Song of the Deep is gorgeous looking, upcoming side-scroller developed by Insomniac Games about a young girl’s journey to find her missing father. TheGamerDaily got a chance to interview the man behind this project, Brian Hastings. Brian told us about the game itself, what inspired him to create it, his view on the industry and getting lost at IKEA. Song of the Deep is due to come out this summer on PC, Xbox One, and PS4.
TheGamerDaily.com: Song of the Deep was inspired by Chief Creative Officer Brian Hastings’ daughter, can you explain how/why she was the inspiration? Did Brian Hastings go missing at some point?
Brian Hastings: I do get lost periodically. So far it’s mainly been in parking lots, airports and IKEA. But the events of Song of the Deep aren’t inspired by any real life happenings. I simply wanted to create a hero my daughter would look up to – one whose heroic qualities reflected the things I wanted her to be most proud of in herself. Things like determination, intelligence, kindness and perseverance. When she would tell me about female characters she liked in TV and movies she would often first talk about how pretty they were rather than what they did. So, for a while, I had been thinking about creating a heroine who was basically an average, ordinary girl who did extraordinary things simply because of the situation she was put in and who she was as a person.
TGD: For a gamer who knows nothing of your past titles, or this one, how would you summarize or explain this game?
BH: Song of the Deep is a metroidvania-style action-adventure game following a young protagonist, Merryn, who ventures out into the depths of the sea to find her missing father. This unlikely heroine builds a small submarine from spare parts and sets off to rescue him. Along the way, she’ll make friends, discover lost civilizations and ruins, and upgrade her submarine to explore even deeper.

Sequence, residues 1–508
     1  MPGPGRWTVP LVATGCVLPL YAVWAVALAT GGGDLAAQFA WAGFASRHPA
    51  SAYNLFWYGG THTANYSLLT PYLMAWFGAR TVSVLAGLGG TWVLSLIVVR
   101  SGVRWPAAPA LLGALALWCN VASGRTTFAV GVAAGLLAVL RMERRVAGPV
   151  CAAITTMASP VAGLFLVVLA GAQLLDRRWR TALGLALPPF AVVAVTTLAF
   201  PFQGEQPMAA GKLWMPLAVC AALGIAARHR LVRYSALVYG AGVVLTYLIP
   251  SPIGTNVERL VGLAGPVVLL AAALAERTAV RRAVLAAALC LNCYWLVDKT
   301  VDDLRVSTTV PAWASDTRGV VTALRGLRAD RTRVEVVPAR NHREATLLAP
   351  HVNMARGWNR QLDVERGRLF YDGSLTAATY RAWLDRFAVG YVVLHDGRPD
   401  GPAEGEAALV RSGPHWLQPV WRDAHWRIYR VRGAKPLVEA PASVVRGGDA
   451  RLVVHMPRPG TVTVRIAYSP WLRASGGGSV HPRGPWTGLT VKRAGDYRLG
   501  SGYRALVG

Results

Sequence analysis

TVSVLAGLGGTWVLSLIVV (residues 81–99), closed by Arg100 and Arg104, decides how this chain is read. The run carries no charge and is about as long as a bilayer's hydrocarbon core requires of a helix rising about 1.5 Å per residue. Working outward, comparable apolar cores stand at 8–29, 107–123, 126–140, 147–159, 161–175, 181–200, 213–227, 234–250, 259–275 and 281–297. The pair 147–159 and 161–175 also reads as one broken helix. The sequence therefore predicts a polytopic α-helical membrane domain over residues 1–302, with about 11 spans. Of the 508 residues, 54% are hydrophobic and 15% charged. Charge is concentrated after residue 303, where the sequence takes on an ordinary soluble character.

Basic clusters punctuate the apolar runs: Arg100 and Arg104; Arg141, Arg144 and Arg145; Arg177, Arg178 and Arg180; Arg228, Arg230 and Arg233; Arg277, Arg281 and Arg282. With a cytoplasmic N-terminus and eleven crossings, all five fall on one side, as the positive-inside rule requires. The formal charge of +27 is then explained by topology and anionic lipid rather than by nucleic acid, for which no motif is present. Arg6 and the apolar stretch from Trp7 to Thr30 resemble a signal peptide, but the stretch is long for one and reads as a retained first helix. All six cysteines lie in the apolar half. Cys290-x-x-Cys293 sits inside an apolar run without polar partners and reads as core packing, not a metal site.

Players will get the opportunity to explore a fantastic non-linear interactive underwater world, from ruins to boneyards to gardens. Every corner of the ocean offers a new surprise.
TGD: Why was an underwater theme with ancient ruins and submarines chosen?
BH: We knew an undersea adventure would offer a world of beautiful backgrounds, teeming with ocean life and challenges to explore. And the narrow tunnels of the ancient ruins offer a great framework to move the gameplay along from puzzle to puzzle.
TGD: Which demographic(s) are you most trying to appeal to with Song of the Deep?
BH: Song of the Deep is a rich gaming experience that extends beyond its engrossing gameplay and incredible graphics. Like a favorite book or movie that stays with you, the story of Song of the Deep will resonate with gamers of all ages. Its message is simple: no matter who you are, you have the ability to overcome adversity when you don’t give up.
TGD: Is this game in any way meant to be an inspiration for girls or young women? If so, how?
BH: I don’t want to be presumptuous, since we all take inspiration from different things, but I do hope that people find some inspiration in it. Although I originally thought of it as a story for my daughter, I think the themes of the story are universal. This is a story about overcoming seemingly impossible obstacles to help someone we love. Merryn is a character who represents the best qualities in each of us – the qualities we sometimes take for granted or undervalue. It’s easy to fall into the trap of valuing ourselves based on external factors – our appearance, our possessions, our careers. Merryn represents those heroic qualities in ourselves – kindness, bravery, compassion, resilience – that we should [maybe] value more than we do.
TGD: Do think having a female lead character will help to popularize it with female gamers?
BH: We think the character of Merryn will appeal to a lot of people because she is unique. Merryn relies on her courage, intelligence, and love for her father to help her overcome adversity. She’s an underdog character in an impossibly difficult situation, and I think that’s what makes people relate to her.
TGD: Plans for any expansions or DLC?
BH: We’ve created a pretty vast world with a deep lore that extends beyond what is seen in the game. We wanted to make sure that the world was cohesive and that there were a lot of secrets to discover as you explored, so that’s why we put the extra time into the world creation even for things that weren’t going to appear in the game. That said, at the moment we don’t have immediate plans for expansion.
TGD: The last few years have seen a large number of side-scrolling games produced, why the sudden popularity? What is their appeal?